“How slow you are to believe” Jesus said to the two disciples on the way to Emmaus. Jesus made that complaint repeatedly as he preached the coming of God’s kingdom. “How slow you are to believe!” “What little faith you have!” “Do you still not understand!” That human slowness to believe didn’t end in gospel times. We have it too.

Mary was freed from that slowness to believe. “Be it done to me according to your word,” she immediately says to the angel. Yet, her acceptance of God’s will does not mean she understood everything that happened to her. “How can this be?” she asks the angel about the conception of the child. “The Holy Spirit will come upon you.”  But the angel’s answer seems so incomplete, so mysterious.

Surely, Mary would have liked to know more when the angel leaves her, never to return. There’s no daily message, no new briefing or renewed assurance by heavenly messengers. The years go by in Nazareth as the Child grows in wisdom and age and grace, but they’re years of silence. Like the rest of us, Mary waits and wonders and keeps these things in her heart.

That’s why we welcome her as a believer walking with us. She is an assuring presence. She calls us to believe as she did, without knowing all. She does not pretend to be an expert with all the answers. She has no special secrets known to her alone. “Do whatever he tells you,” is her likely advice as we ponder the mysteries of her Son.

 

Saving Santa Claus

Santa Claus is coming to town for Macy’s annual Thanksgiving Parade. From the parade he will go into the store  for Black Friday and he’ll be there for the rest of the days till Christmas.

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But he’s more than a saleman, isn’t he? Santa’s a saint. Saint Nicholas. He reminds us that Christmas is a time for giving rather than getting. His quiet giving mirrors God’s love shown in Jesus Christ.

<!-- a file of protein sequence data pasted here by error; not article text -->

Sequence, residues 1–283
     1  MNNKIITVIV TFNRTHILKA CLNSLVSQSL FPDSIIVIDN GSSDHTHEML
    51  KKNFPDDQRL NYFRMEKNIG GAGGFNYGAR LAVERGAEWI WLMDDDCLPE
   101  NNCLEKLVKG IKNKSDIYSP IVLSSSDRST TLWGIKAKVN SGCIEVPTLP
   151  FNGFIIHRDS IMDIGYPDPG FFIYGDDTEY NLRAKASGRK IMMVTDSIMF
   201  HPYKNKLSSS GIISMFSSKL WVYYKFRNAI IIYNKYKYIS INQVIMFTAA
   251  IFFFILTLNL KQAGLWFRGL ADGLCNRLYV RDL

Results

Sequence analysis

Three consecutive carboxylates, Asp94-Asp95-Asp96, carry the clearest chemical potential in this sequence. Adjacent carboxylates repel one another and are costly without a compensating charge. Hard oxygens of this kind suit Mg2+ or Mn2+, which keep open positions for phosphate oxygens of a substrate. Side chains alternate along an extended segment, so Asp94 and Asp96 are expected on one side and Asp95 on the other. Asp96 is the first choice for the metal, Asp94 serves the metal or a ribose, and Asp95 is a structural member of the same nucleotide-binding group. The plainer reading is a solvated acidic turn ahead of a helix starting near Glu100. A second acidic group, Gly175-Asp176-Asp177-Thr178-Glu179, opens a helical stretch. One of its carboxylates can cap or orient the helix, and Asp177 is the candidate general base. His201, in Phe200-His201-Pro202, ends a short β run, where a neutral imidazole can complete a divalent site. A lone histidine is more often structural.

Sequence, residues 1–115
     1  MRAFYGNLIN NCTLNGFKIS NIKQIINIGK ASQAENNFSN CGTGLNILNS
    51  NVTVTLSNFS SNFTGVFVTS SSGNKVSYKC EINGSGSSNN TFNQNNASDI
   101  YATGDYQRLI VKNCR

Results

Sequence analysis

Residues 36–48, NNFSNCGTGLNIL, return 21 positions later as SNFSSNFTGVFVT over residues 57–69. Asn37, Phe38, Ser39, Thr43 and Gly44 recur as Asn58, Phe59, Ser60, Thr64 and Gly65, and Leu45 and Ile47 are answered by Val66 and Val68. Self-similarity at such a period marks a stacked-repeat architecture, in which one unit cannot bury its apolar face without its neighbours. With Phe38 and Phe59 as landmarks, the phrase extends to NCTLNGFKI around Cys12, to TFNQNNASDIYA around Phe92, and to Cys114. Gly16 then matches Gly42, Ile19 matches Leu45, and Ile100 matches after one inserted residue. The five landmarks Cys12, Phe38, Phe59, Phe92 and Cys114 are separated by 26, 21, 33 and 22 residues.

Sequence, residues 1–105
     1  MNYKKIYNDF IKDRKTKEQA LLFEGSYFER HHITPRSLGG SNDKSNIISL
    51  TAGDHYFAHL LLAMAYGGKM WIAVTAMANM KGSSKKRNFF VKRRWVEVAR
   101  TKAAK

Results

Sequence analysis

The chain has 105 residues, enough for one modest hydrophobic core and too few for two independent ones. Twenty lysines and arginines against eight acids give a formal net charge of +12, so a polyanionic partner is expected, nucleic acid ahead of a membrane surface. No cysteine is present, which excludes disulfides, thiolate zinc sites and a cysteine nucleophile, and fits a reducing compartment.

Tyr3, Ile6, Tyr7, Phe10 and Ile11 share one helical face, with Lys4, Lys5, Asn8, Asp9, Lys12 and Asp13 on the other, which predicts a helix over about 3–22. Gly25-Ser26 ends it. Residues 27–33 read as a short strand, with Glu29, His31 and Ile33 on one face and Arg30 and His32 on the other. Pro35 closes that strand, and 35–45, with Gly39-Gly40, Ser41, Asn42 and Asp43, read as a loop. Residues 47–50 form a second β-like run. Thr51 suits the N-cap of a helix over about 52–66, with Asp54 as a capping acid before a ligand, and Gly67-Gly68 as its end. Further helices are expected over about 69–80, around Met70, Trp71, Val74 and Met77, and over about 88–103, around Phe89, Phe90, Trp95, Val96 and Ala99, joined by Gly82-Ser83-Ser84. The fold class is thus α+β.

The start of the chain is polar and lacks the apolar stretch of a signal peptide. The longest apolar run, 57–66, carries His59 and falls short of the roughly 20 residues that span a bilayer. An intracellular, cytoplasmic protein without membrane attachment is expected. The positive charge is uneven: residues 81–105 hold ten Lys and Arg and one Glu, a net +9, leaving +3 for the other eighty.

Telling his story is one of the ways to save Santa Claus from being captured by Macys and Walmart and all the others. First, take  a look at our version for little children. Then, you might want to go on to our  modest contribution for bigger children– like us:

http://www.youtube.com/watch?v=ADevygB9jNs

Mother Cabrini

Mulberry Street, New York City, ca.1900

From 1880 to 1920 more than 4 million Italian immigrants came to the United States, mostly from rural southern Italy. Many were poor peasants escaping the chaotic political situation and widespread poverty of a recently united Italian peninsula.

Almost all the new immigrants came through Ellis Island; many settled in the crowded tenements of the New York region, where men found work in the subways, canals and buildings of the growing city. The women often worked in the sweatshops that multiplied in New York at the time. Almost half of the 146 workers killed as fire consumed the Triangle Shirtwaist Factory in 1911, were Italian women.

Over time, the Italian immigrants moved elsewhere and became a prominent part of American society, but at first large numbers suffered from the over-crowding, harsh conditions, discrimination and cultural shock they met in cities like New York. Many returned to Italy with stories of the contradictions and injustices lurking in “the American dream.”

Mother Maria Francesca Cabrini

Mother Maria Francesca Cabrini (1850-19170), founder of the Missionaries of the Sacred Heart, an order of women missionaries , came to America in 1889 at the urging of Pope Leo XIII to serve the underserved poor. Her work is succinctly described on the website of the Cabrini Mission Foundation.

“She proceeded to found schools, orphanages, hospitals and social services institutions to serve the needs of immigrants in the United States and other parts of the world. Despite poor health and frailty, Mother Cabrini crossed the ocean 25 times during 29 years of missionary work, and with her sisters founded 67 institutions in nine countries on three continents – one for each year of her life.